Once we learned one style, we upgraded it and it turned into something else.
I don’t exactly know what that is.
Beat juggling is taking two records, and just rearranging the beat. Rather than cutting it back-and-forth on-beat, you might take something and throw it off-beat and make it on-beat. You might take kick snares, hi-hat sounds and rearrange them into your little mix of the whole thing.
So you do like a blend?
I could show you.
[He shows me: it’s all about being able to isolating each drumbeat on the two records so you can play pretty much any rhythm you want; instead of breaks or bars, your raw materials are separate beats. The result is a rhythm completely different from the originals, made from the beats they contain.]
I get it. That’s amazing. You’re just totally using it like as if you had a drumkit. You know where all the beats are and you just…
…I just arrange it again.
So instead of playing chunks of the break, you’re playing each beat separately.
How did that come about?
Actually, it came from a guy named Barry B...and Steve D. Barry B was from Doug E Fresh and the Get Fresh crew, and a good friend of his was Steve D, which was one of the original X-Men. The original X-Men were me, Steve D, Johnny Cash and Shaun C. Barry and Steve were good friends and they came up with it. At the time Barry was sick and he came up with it and he was like, “Yo Steve.” He was sick, so he could only do like so much, so Steve used to practice and practice, and us being around Steve and being friends as well, we picked up on it too. So it was like we all kind of built on it together. And then we just came up with this crew and I said let’s be the X-Men and be a DJ crew.
So beat juggling was the basis for putting the X-Men together?
What happened the first time you did that in public?
Steve was the first person to beat juggle in a competition. This was in ’91, at the NMS [New Music Seminar], and people were just fucked up, like all the judges that were on the panel. Like Ritchie Rich, DJ Scratch, all the popular DJs at that time were just fucked up. “Aawwww, what the hell is he doing?” And from that point Steve was like, “Yo, I have a crew as well.” And from that point we started getting into battles and people started seeing different styles of beat juggling, ’cos everybody had their own mind and we all had different styles. So it went from level one, two, three, four, and then it recycled. Once we learned one style, we upgraded it and it turned into something else.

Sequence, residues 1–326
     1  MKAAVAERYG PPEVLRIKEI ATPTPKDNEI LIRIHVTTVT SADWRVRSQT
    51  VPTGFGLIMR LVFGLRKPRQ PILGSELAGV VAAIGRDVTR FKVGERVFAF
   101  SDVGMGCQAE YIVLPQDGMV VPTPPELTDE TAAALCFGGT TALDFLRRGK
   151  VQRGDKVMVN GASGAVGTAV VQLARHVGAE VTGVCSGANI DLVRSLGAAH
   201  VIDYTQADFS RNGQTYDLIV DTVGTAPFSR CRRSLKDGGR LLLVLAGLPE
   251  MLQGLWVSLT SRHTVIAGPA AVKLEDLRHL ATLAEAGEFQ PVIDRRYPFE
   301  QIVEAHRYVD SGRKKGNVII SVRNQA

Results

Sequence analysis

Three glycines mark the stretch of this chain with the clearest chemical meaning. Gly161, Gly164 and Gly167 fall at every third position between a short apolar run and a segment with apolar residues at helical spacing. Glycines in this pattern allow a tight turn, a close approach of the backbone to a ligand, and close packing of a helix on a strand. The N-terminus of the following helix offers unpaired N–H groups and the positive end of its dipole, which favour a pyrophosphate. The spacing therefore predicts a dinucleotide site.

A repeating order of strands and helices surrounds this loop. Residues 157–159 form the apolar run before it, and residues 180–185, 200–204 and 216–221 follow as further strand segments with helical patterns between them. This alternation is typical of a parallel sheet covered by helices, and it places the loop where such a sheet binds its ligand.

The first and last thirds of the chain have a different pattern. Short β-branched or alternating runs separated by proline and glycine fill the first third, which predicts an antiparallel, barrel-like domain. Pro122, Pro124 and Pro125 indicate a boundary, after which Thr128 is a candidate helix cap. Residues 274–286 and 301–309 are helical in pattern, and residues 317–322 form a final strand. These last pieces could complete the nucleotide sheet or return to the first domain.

Is that something that most people do now?
So it’s like the influence has spread.
It’s mainly beat juggling and scratching. That’s the two main skills going on in the competitions now.
What were the skills people did in the competitions before that?
Back then it was more visual. What you could see, not really the sound.
So the sound and the technique hadn’t changed much since the very early days?
It’s changed a lot. Now it’s really difficult.
Back then it was more or less who’s the fastest...who can go behind their back, who can spin around, who can take their shirt off.
I guess what I’m trying to ask you is the evolution. It’s like everyone says, Kool Herc was the first, Flash beat him on skills, Herc beat them all on volume, and [Afrika] Bambaataa beat them all on records. What’s changed since then? How did it develop?
Back then it was more or less who’s the fastest. As well as just going back-and-forth. Who’s the fastest, who can go behind their back, who can spin around, who can take their shirt off. That’s what I mean by it was more visual. It was more what you could see, and not really what sound was actually coming out of the turntables. Back then it was transforming, that Jazzy Jeff and Cash Money came up with. So it was more what you could see, and who can transform, and what record you transform, and how you did it.
Transforming is a scratch. I don’t know whether to say Jazzy Jeff or Cash Money came up with it, but it’s a scratch. Transforming is moving the fader while moving the record back-and-forth.
[He demonstrates. The key thing that’s happening is that the fader is used to isolate small chunks of the scratch, so that you only get the forwards scratch and not the rewind bit, so you get a rhythmic effect without having to rewind to the beginning of the scratch each time. The record he’s using is the Fab 5 Freddy one on Celluloid, “Change The Beat,” which ends with “This is really FRESH.”]